Instructions on how to properly fold a Minnesota state flag and the legalizing of growing industrialized hemp are included in a bill that passed the House on a 127-3 vote April 27.
As amended to include the House language, the omnibus agriculture and veterans policy bill, HF2678/ SF2737*, sponsored by Rep. Al Juhnke (DFL-Willmar) and Sen. Dan Skogen (DFL-Hewitt), would:
• add an official from the Animal and Plant Health Inspection Service of the United States Department of Agriculture, or a peace officer from the county sheriff’s office, to those who could make a personal inspection of a farmer’s livestock loss due to a gray wolf;
• allow for the growing of industrial hemp as an agriculture crop;
• make technical changes to pesticide applicator references;
• permit the agriculture commissioner to waive certain review fees for businesses that sell prepackaged foods, such as video stores;
• repeal the loan incentive program for native grasses and wildflower seed production;
• allow nonprofit farms less than 40 acres in size to use profits for educational purposes and be exempt from corporate farm land requirements;
• permit cities and towns to charge fees and spend money for county extension work, such as 4-H programs;
• require banks to extend credit to feed mills at the beginning of the process of mediation, resulting in mills being paid for that feed;
• detail procedures on the proper way to fold and present the state flag;
• permit the commissioner of veterans affairs to determine a suitable site and plan for three new state veterans cemeteries in northeastern, southeastern and southwestern Minnesota; and
• require certain conditions to be met before Minnesota would be granted a federal waiver in regards to E-15, including all vehicles being able to use the ethanol mixture regardless of year made. It would also give the Department of Commerce the ability to specify how long it could take gas stations to set up for the ability to deliver E-15.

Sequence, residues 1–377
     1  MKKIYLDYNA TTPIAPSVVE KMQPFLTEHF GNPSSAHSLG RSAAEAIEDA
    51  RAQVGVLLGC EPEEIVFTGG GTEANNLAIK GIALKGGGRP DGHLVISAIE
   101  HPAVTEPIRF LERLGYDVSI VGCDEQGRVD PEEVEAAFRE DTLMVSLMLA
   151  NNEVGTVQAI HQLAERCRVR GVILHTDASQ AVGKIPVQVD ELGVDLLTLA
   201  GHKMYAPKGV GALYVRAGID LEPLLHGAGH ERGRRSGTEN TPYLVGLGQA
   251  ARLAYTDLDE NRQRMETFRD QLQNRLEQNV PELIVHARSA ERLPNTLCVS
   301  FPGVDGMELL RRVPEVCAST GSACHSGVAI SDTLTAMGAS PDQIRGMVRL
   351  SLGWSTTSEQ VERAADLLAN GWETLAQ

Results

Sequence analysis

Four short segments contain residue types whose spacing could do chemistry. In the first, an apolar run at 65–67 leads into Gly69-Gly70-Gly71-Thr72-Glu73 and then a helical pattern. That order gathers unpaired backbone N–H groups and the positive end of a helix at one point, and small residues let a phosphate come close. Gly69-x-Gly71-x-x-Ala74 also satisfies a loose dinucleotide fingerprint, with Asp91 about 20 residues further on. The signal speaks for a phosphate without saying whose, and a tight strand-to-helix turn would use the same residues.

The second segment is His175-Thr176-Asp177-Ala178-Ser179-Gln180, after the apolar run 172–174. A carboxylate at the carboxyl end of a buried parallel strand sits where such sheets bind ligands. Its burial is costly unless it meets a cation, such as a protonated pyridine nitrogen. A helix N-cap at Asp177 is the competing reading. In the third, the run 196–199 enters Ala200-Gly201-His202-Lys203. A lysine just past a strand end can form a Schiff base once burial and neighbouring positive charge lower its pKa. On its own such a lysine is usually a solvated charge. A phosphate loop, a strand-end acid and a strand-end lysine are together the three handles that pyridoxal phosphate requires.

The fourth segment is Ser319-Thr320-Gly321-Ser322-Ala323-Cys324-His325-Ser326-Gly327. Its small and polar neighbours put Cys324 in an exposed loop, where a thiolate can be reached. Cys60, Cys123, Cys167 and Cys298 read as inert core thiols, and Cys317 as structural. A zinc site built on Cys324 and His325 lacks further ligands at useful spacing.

Several successful amendments were offered including one by Rep. Dan Severson (R-Sauk Rapids) that would add all veteran-owned businesses to those able to obtain preference in bidding for state contracts. The amendment would allow those who became veterans before Sept. 11 to bid on the excess percentage of contracts set aside for preferential groups. Currently, only those who became veterans after that date are included in veterans preference.
Rep. Tom Hackbarth (R-Cedar) offered an amendment that would have added gambling machines at horse racing facilities in the state. Profits would assist agricultural and rural development, research and development of bioscience and medical technology business and employment opportunities and provide stadium funding for the Minnesota Vikings and St. Paul Saints. It was ruled out of order.
The Senate did not concur with the changes April 28. A conference committee is expected to work out the differences.
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